Home Sweet Home
Dallas' theater dogs are homeless no more. Kitchen Dog Theater, which was left without a performance space when longtime home McKinney Avenue Contemporary closed last summer, has purchased property in the Design District.
The 10,000-square-foot building at 4774 Algiers St. will serve as KDT's permanent performance, office, rehearsal, and shop space. The company recently celebrated its 25th anniversary and opened its 26th season with A Stain Upon the Silence: Beckett's Bequest at Trinity River Arts Center. All remaining shows in the 2016-17 season are expected to be performed at TRAC.
Fort Worth firm Ibeñez Architecture will spend 2017 converting what's currently the home of Presidio Tile into a 140-seat performance space, company offices, and a rehearsal space that could also double as a cabaret. Target move-in date is 2018.
“Theater companies like ours around the country are challenged by the whims of local real estate markets, so we are extremely grateful to be able to put down permanent roots in our hometown,” says KDT co-artistic director Tina Parker in a release.
The Real Estate Council Community Fund, Communities Foundation of Texas, Harold Simmons Foundation, and private donors made the nearly $1 million purchase possible.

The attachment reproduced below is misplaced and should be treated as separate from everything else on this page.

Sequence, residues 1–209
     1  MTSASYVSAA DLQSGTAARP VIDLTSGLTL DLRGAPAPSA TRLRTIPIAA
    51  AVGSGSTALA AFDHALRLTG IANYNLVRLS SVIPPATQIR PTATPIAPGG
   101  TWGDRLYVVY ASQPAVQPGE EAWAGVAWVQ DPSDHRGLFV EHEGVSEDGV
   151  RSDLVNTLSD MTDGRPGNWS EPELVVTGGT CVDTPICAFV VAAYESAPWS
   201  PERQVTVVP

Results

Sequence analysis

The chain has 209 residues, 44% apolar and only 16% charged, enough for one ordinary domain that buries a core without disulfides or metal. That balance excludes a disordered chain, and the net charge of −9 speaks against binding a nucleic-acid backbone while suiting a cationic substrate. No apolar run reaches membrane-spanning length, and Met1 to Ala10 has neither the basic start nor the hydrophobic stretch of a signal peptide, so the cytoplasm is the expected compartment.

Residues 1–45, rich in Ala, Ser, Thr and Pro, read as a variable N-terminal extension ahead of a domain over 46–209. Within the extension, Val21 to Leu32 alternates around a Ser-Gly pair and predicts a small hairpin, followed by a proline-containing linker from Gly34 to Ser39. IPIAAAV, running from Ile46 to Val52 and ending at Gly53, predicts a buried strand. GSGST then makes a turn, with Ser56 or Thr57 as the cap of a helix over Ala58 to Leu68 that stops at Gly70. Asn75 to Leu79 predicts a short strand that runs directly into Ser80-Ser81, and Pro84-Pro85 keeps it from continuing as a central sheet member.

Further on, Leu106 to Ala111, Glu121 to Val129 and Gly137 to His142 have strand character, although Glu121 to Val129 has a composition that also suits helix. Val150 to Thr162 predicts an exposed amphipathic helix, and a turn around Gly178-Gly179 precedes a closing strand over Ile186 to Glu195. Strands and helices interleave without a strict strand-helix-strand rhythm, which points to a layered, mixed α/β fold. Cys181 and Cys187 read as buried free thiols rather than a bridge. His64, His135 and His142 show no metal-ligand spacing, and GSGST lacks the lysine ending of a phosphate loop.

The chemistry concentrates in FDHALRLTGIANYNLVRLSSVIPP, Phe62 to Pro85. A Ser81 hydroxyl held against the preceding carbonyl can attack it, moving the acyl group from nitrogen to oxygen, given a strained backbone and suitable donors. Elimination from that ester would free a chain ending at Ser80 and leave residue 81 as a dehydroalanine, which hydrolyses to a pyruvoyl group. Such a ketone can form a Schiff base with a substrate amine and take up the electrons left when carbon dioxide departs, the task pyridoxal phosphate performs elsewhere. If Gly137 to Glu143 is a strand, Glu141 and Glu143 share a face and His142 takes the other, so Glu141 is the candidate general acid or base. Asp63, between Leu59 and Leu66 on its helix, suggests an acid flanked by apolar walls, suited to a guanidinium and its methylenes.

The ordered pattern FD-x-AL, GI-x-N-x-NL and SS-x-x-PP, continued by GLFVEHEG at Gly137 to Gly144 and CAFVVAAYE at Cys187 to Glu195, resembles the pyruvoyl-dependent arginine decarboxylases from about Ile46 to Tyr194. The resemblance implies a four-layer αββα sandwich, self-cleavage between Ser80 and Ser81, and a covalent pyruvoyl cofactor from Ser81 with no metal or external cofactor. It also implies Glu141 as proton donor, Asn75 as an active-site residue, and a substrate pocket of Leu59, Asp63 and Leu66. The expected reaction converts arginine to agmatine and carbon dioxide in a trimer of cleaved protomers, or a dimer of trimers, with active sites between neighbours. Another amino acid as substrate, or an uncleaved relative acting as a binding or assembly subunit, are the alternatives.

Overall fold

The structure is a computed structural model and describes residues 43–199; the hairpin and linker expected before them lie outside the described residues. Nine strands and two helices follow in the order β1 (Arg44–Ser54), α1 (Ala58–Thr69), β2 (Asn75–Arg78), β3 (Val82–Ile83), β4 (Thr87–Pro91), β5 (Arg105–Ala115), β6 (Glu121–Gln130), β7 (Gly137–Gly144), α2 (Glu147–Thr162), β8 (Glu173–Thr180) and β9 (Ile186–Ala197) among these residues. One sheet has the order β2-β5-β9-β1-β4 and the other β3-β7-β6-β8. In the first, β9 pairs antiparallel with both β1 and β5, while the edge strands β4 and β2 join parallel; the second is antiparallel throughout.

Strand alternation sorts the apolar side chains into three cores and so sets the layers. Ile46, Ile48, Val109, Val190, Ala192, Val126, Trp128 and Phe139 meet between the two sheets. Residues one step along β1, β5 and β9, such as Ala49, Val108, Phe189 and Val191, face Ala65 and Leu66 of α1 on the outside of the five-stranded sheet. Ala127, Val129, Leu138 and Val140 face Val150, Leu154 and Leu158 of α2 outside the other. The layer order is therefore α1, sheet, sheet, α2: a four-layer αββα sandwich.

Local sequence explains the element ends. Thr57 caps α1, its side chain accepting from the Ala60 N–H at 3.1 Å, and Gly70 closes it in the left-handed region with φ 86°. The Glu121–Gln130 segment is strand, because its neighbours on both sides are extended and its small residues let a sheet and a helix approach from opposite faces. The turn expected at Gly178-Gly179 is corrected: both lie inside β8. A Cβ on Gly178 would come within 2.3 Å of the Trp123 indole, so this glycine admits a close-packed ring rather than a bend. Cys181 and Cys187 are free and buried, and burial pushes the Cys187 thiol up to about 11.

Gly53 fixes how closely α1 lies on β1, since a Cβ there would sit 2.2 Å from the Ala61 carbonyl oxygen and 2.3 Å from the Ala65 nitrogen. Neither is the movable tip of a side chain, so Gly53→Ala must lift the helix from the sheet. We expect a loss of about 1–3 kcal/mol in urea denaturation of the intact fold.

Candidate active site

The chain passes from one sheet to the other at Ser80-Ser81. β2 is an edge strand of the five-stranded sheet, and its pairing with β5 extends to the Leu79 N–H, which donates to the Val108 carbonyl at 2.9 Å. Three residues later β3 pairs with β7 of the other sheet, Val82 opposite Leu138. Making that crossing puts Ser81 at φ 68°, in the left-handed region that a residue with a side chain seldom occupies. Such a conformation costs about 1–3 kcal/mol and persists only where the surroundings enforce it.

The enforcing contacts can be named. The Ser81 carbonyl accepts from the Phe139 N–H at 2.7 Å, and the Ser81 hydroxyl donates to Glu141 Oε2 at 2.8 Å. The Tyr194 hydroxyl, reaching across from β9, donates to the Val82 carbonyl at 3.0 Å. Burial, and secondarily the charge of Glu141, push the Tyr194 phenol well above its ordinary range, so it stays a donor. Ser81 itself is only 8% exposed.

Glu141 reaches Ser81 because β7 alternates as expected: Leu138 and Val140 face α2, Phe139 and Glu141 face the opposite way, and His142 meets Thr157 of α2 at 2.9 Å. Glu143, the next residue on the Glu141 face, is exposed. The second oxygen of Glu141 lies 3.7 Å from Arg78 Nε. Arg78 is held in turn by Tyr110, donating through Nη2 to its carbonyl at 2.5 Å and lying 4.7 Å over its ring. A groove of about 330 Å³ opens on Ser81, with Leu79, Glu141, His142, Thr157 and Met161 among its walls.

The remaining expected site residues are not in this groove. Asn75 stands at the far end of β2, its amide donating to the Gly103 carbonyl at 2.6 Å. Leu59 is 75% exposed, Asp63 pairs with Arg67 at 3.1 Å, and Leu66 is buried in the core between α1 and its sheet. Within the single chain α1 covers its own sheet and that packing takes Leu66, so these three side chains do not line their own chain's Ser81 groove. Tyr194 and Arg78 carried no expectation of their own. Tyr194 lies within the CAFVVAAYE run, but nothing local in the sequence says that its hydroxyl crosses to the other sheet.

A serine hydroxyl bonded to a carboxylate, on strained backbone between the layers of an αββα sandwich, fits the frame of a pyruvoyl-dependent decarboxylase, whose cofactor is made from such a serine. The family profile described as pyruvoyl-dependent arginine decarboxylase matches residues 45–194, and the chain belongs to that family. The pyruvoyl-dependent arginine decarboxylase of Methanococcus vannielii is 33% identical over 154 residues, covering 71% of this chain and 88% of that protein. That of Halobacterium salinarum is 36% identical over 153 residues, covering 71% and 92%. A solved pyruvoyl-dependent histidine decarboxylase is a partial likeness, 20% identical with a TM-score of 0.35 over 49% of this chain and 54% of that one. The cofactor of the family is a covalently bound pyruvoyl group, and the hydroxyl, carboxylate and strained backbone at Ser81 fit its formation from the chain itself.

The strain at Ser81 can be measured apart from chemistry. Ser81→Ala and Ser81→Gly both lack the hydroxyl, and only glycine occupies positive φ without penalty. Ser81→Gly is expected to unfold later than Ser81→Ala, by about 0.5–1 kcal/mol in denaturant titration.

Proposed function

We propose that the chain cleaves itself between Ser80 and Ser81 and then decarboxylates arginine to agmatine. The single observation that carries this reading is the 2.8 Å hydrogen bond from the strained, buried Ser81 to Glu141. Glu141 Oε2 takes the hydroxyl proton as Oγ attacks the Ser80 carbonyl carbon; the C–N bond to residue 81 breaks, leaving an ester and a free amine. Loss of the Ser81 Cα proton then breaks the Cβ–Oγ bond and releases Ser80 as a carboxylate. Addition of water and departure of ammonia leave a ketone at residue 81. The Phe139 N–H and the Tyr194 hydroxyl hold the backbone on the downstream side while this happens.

KDT joins Theatre Three, Dallas Children's Theater, Bishop Arts Theatre Center, and Amphibian Stage Productions as one of the few Dallas-Fort Worth theater companies that owns its space. The company spent this past season performing at the Green Zone, Undermain Theatre, and TRAC, and had previously been at the MAC since 1994.
Kitchen Dog Theater was founded in 1991 by Southern Methodist University MFA graduates, and is currently led by Parker, co-artistic director Christopher Carlos, and managing director Tim Johnson. It's a founding member of the National New Play Network — and the region's sole NNPN member theater — and hosts the yearly New Works Festival and PUP (Playwrights Under Progress) Fest for young playwrights.
Says Parker, “This development gives us the financial and emotional security to continue our artist-driven mission — to provide a place where questions of justice, morality, and human freedom can be explored — for many years to come.”